March is Women’s History Month, and the GSU Library has a wealth of resources that will give you access to the voices of women history, reflected in diaries, letters, magazines, and a range of other formats.
The GSU Library has several databases including women’s history primary source material, including:
- The Gerritsen Collection—Women’s History Online, 1543-1945 includes materials in 15 languages, showing the evolution of feminism in a range of countries and the impact of a country’s feminist movement on other countries.
- Women and Social Movements in the United States, 1600-2000 can be searched by people, subjects, and/or social movements.
- Women Writers Project, created by Brown University, includes novels, poetry, and essays written by a range of women from 1400-1850.
- Godey’s Lady’s Book, an electronic version of the popular nineteenth-century women’s magazine. Known for its fashion plates! (sort your search by “color plate fashion”).
You can also access these databases from the GSU Library’s website by clicking on “Articles / Databases.” If you are off campus, you will be asked to sign in with your CampusID and password.
These women’s history databases are freely available to the public and don’t require a login:
- Home Economics Archive: Research, Tradition, History (HEARTH), a Cornell University database including full-text versions of home economic texts and related materials from 1850 through 1950 (including Good Housekeeping!)
- Votes for Women: Selections from the National American Women’s Suffrage Association Collection, 1848-1921, part of the Library of Congress’ massive American Memory primary-source collections.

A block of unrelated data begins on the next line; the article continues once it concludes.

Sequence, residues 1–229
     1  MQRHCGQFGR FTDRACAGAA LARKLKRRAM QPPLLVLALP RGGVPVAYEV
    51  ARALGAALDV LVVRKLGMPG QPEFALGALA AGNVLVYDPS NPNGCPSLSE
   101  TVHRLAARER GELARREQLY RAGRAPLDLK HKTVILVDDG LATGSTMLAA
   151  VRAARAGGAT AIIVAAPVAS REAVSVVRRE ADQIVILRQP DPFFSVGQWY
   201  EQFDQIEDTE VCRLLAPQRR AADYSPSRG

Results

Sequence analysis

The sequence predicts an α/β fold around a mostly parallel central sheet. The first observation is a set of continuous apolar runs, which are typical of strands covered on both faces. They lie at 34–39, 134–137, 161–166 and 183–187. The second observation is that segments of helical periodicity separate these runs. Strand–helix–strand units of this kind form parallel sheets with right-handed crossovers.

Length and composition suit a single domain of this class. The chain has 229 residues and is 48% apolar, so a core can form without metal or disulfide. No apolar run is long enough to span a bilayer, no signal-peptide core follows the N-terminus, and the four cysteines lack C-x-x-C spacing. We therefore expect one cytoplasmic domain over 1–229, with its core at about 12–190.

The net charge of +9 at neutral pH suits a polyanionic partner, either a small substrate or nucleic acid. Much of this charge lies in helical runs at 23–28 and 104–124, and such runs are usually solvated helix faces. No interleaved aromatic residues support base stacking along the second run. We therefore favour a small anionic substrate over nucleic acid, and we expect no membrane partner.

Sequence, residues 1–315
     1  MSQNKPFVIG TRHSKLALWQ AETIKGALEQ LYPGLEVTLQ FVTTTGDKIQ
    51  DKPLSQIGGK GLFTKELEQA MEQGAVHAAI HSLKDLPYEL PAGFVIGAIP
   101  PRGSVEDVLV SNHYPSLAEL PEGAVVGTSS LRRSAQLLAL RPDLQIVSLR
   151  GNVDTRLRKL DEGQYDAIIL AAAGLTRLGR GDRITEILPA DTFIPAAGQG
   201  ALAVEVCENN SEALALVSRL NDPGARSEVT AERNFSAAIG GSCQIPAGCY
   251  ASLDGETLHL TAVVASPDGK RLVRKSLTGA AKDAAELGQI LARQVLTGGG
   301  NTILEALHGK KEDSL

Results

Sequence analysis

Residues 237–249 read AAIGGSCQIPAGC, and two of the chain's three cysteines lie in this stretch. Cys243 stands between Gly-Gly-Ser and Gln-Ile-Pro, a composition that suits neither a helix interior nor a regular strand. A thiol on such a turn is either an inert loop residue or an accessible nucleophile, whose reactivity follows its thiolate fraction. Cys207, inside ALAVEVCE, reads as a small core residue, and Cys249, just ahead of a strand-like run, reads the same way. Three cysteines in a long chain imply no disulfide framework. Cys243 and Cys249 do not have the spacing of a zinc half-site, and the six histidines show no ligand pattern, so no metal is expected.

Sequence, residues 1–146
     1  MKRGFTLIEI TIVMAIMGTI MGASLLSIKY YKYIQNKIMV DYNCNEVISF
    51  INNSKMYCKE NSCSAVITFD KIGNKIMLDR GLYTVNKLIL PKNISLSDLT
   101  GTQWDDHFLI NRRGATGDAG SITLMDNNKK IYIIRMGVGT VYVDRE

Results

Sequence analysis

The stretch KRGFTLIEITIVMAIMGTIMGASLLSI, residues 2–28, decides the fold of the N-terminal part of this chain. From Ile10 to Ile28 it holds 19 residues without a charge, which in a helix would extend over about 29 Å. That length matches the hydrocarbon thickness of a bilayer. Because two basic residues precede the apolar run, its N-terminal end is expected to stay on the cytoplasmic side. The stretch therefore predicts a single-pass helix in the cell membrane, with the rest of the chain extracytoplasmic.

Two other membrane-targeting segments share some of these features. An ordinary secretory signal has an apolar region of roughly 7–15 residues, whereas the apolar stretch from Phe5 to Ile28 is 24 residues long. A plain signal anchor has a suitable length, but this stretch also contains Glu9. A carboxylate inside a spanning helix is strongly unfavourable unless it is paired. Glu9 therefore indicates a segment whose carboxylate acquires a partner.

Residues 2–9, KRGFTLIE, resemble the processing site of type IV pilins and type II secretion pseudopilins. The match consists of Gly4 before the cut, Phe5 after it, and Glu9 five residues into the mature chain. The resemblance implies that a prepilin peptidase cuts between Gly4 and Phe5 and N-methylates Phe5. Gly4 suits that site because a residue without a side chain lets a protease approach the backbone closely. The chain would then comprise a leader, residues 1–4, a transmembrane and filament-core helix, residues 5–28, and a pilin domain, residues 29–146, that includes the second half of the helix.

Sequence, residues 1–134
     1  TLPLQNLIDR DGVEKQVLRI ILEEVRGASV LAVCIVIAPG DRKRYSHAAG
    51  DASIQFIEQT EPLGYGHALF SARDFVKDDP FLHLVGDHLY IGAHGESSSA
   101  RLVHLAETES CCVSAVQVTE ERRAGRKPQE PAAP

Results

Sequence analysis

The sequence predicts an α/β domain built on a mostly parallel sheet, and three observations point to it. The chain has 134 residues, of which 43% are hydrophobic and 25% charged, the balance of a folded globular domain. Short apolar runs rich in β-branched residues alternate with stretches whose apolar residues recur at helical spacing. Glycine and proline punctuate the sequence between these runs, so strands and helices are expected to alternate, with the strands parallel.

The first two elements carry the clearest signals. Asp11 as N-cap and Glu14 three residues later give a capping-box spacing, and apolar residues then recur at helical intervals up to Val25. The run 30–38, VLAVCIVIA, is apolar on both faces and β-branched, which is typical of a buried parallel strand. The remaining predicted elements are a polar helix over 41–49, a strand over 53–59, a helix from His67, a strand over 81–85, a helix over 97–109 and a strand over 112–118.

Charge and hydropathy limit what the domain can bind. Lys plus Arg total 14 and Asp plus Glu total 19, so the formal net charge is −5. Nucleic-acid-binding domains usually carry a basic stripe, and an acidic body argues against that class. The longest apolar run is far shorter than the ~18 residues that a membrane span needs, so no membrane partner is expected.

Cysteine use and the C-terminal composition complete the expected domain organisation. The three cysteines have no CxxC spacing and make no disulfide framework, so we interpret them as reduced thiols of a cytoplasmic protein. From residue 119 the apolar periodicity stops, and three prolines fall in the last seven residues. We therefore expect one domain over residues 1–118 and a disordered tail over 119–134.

- African-American Women Writers of the Nineteenth Century, a digital library from the New York Public Library’s Schomburg Center for Research in Black Culture
- Gifts of Speech: Women’s Speeches from Around the World, a digital library project at Sweet Briar College
The Digital Library of Georgia, a GALILEO project based at the University of Georgia, has compiled a fabulous list of primary sources showcasing Georgia women’s voices and history. Click here to check it out!
- All the Way to Heaven: The Selected Letters of Dorothy Day, edited by Robert Ellsberg (2010)
- The Letters of Gertrude Stein and Virgil Thomson: Composition as Conversation, edited by Susan Holbrook and Thomas Dilworth
- The Speeches of Fannie Lou Hamer: To Tell It Like It Is, edited by Maegan Parker Brooks and Davis W. Houck (2011)
And last but certainly not least, check out GSU Special Collections’ Women’s Collection, for a wide range of sources for recent women’s history in Georgia and the South, including the Georgia Women’s Movement Oral History Project.